|Review: Making Money
||[Nov. 16th, 2007|12:25 pm]
Making Money (Terry Pratchett, 2007) - I should preface this by saying I'm a huge Pratchett fan. That doesn't mean he can do no wrong, but you might consider me a bit biased. I loved this book. It's not the BEST Pratchett ever (Night Watch still holds that title for me although on the next read through the Tiffany Aching stories may edge it out), but it combines the best of Pratchett's silliness with razor-sharp satire on the uses of political power and the vagaries of economics. Small cameos by the "original cast" characters were heartwarming and a little sad (although seeing them from "outside" gave the story a little extra depth). It might seem odd to say after Pratchett has published so many books in the Discworld universe, but the world itself seems to acquire a lot of gravitas in this novel that seemed missing before (although I may just think that because it's beginning to slide into a Victorian-era flavor which I quite enjoy). Moist remains an outrageous, breathtaking main character, the more so this time as he takes risks even he realizes are over-the-edge (hmm, maybe I like him so much because he reminds me of Miles Vorkosigan....same initials even--sort of).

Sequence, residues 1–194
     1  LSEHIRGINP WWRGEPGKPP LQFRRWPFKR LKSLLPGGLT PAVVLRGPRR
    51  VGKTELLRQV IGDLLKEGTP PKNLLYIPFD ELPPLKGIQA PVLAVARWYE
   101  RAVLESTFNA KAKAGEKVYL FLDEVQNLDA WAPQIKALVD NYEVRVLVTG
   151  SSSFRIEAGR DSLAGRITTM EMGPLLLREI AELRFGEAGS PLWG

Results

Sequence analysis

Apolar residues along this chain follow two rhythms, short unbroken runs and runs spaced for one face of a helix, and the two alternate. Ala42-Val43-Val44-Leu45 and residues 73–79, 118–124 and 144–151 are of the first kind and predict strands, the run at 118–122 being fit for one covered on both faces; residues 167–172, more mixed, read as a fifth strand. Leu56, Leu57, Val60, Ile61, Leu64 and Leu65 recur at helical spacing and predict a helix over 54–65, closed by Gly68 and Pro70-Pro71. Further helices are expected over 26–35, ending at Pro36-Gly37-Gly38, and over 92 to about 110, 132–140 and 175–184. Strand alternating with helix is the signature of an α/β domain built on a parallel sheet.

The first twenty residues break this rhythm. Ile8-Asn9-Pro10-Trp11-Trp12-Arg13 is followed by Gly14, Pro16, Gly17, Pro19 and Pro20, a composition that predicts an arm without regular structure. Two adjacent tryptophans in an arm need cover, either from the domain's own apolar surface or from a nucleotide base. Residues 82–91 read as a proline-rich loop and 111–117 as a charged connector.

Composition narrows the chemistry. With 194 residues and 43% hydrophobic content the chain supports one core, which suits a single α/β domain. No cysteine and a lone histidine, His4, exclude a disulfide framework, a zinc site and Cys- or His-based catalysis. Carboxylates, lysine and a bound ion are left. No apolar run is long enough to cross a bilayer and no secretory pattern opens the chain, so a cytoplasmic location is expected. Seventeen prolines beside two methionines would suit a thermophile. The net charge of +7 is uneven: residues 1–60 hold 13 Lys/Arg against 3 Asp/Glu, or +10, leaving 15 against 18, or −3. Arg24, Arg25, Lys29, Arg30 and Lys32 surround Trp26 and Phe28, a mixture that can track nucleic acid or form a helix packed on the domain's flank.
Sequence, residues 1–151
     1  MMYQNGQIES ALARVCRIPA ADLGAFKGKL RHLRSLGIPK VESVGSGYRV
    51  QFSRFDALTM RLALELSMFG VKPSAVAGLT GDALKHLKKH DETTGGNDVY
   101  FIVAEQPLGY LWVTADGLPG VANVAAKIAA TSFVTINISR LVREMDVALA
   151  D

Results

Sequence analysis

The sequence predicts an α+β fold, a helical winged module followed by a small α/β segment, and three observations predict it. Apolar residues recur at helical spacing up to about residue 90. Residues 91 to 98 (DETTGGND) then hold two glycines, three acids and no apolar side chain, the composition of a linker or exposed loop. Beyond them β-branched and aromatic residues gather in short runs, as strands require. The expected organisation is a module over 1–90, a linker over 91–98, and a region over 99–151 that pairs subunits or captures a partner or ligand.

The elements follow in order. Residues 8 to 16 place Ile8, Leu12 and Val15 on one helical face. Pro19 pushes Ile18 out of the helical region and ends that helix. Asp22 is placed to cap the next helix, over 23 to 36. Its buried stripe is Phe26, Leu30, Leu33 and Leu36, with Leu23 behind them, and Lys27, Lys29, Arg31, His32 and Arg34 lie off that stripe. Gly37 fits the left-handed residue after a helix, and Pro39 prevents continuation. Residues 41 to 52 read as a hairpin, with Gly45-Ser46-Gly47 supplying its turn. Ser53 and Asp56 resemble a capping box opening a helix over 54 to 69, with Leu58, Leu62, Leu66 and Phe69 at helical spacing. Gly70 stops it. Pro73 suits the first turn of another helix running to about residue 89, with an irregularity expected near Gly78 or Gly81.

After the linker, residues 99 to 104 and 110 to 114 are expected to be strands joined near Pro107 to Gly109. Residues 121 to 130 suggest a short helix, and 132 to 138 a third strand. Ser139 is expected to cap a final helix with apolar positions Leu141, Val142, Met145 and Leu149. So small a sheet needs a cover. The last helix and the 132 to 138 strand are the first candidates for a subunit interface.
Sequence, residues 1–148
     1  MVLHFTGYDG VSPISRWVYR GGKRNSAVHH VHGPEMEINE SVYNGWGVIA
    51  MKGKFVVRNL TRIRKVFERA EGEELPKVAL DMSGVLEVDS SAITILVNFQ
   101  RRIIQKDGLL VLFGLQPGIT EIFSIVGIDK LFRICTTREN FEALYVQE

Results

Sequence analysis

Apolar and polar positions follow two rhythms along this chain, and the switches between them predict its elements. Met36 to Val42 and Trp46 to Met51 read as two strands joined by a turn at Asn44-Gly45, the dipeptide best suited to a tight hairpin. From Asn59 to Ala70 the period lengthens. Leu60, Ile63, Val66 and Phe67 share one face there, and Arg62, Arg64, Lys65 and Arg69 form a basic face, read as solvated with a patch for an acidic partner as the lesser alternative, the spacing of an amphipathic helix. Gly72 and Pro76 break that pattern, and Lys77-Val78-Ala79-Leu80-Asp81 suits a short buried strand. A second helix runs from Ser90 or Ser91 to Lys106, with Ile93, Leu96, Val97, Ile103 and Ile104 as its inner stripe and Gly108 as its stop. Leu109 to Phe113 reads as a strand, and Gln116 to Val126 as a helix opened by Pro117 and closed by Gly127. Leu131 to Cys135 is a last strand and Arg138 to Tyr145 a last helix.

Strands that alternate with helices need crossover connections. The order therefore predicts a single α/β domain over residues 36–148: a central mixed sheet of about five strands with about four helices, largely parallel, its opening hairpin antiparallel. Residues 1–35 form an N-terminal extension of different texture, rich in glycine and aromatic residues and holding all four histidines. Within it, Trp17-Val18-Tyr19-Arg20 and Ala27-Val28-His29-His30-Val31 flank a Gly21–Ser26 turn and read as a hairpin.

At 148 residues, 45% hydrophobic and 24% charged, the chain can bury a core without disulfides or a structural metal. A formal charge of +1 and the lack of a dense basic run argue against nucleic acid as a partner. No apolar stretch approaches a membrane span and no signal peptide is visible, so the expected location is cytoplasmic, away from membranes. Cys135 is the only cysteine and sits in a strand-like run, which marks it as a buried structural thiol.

Plus, it was a scream when read aloud (as my hubbie and I do with new books by beloved authors that are SO coveted, neither of us can bear to let the other read it first). So many delicious voices: sexy, strident Adora Belle (which I enjoyed reading as a sort of young Katherine Hepburn), the dry, ominous Patrician (a British Mr. Burns), long-suffering Igor (a cross between Marty Feldman and Prof Frink), the cracked, creepy Cosmo (read by my husband as kind of a fruity Mr. Croup from Neverwhere that I couldn't match).
Let me just leave you with this: If you haven't read aloud an "adult" book to another adult, you should try it. I'm not talking about bedtime stories to children (which, don't get me wrong, are fantastic and everyone should do it sometime even if they don't have kids). But reading aloud and listening in turn with another adult I highly recommend. Some types of prose don't lend themselves to it well, but Pratchett's not a bad way to go if you want to try.
I had intended to do capsule reviews of several of my birthday books, but lunchtime ran out. Hopefully more later.